Who doesn’t want to live yoga off the mat? The answer to that seems kind of obvious, especially if you observed the turnout at this past weekend’s Being Yoga conference at the Omega Institute. We all want to be more compassionate, calmer, and definitely less angry. But most of us don’t have an easy time doing that in our every day life, no matter how advanced our asana practice is.
Seasoned teachers like Darren Rhodes and Elena Brower, who visited Omega to give their off-the-mat advice during the weekend’s many on-the-mat asana classes know that first-hand. As Rhodes framed his own anxiety on the opening night of the conference, when he’s not teaching and traveling, he’s worrying about teaching and traveling.
The same kinds of problems affect how we approach anger and compassion too: during her workshop Yoga for a Broken Heart, Seane Corne focused on her personal experience with how you can’t just namaste your way out of a bitter relationship or a heated interaction. If you spend all your time trying to be the most politically correct yogi, the anger or grief or other emotion you don’t acknowledge will cumulatively build and take control.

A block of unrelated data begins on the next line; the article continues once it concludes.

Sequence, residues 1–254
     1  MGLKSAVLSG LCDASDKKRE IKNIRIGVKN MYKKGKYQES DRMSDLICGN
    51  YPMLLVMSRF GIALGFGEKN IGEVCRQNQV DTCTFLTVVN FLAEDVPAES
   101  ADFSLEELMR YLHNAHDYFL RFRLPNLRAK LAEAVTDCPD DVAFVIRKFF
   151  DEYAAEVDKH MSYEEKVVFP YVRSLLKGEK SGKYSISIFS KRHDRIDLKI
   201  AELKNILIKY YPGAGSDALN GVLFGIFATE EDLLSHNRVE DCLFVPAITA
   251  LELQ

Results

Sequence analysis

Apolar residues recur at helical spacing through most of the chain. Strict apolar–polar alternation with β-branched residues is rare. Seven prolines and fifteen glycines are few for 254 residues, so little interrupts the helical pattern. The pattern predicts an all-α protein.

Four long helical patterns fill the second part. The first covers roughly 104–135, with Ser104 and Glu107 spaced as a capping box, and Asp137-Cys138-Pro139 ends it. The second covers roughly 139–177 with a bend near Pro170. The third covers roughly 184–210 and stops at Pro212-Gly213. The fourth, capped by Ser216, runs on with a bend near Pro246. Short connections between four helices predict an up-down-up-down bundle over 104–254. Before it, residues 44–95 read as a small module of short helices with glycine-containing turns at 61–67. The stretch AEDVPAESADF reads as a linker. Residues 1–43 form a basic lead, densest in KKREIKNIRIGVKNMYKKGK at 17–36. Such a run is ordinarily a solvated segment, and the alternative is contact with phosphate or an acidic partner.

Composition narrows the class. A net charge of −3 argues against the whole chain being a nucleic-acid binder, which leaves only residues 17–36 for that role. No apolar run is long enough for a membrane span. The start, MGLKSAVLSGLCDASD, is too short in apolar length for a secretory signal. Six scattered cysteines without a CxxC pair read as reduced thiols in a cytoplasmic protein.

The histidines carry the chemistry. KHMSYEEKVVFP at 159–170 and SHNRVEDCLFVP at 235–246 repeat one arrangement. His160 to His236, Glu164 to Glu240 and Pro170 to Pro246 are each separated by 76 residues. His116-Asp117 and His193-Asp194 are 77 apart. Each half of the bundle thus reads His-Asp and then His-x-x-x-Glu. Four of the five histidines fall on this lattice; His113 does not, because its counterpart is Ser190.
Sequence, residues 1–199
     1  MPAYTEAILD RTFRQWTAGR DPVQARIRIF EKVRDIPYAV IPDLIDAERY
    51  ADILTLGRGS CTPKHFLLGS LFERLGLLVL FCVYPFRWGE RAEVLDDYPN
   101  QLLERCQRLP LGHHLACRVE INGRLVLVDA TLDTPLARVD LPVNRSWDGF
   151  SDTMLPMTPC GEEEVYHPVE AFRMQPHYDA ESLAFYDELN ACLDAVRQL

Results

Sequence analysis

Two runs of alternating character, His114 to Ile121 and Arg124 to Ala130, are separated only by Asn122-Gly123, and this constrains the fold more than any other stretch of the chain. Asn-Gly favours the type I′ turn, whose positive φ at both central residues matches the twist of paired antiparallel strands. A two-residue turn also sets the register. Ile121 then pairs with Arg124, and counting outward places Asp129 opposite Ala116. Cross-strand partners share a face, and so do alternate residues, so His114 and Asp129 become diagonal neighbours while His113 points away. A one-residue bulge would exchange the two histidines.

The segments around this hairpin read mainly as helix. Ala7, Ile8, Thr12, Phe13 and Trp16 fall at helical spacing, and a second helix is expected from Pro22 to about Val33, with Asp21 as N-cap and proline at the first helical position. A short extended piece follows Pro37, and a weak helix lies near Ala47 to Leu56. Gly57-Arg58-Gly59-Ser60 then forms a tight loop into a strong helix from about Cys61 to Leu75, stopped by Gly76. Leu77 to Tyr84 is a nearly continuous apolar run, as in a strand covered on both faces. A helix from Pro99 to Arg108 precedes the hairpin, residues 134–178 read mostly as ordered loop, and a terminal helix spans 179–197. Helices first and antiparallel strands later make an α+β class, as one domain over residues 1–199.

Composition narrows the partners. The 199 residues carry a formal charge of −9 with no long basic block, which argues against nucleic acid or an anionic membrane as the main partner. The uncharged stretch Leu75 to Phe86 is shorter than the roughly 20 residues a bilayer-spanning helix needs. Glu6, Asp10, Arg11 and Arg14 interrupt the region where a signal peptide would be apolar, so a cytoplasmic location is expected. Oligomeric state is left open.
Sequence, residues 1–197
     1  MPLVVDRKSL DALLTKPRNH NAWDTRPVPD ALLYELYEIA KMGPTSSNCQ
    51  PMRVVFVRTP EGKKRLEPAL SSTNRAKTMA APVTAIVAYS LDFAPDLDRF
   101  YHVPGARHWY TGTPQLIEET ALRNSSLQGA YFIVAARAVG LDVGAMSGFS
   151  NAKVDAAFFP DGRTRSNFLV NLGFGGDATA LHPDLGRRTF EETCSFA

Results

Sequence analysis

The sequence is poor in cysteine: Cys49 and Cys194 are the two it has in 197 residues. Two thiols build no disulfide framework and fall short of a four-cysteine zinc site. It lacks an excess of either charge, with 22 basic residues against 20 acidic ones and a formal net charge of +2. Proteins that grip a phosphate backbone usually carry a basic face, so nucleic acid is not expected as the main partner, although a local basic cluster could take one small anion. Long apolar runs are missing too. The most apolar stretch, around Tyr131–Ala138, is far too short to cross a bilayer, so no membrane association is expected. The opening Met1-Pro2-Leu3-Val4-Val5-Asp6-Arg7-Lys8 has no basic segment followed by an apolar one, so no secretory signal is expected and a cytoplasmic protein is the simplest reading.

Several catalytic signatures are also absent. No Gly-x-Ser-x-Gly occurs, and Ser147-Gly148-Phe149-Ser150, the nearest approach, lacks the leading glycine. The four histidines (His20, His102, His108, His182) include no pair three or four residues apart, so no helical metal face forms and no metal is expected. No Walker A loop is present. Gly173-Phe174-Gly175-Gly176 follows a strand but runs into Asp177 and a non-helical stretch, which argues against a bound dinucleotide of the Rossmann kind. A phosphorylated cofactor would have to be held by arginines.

That’s how we end up leaving explosive voicemails or writing completely over-the-top break-up emails while drunk, Corne wryly noted—because we fail to acknowledge our animal nature, our irrational half.
So what’s a compassionate yogi to do? According to Pandit Rajmani Tigunait in the latest issue of Yoga International, the last thing you want to do is to suppress your anger. Anger is a much stronger form of energy than kindness and compassion and can be a more powerful unifying force, he says. Give his article a read to learn how to channel your anger and see it as a way to experience your own inherent fullness.
And THEN: Share your own story with us. How were you able to express your anger wisely and purposefully? We want Yoga International to become a wider forum for fearless honesty and intelligent discussion.
Also in the fall issue
Try our 10-minute home yoga practice
Discover four simple ways to make the fruits of summer last well into fall.
Learn how to build the determination and confidence you need in an asana sequence to practice the challenging pose Tittibasana.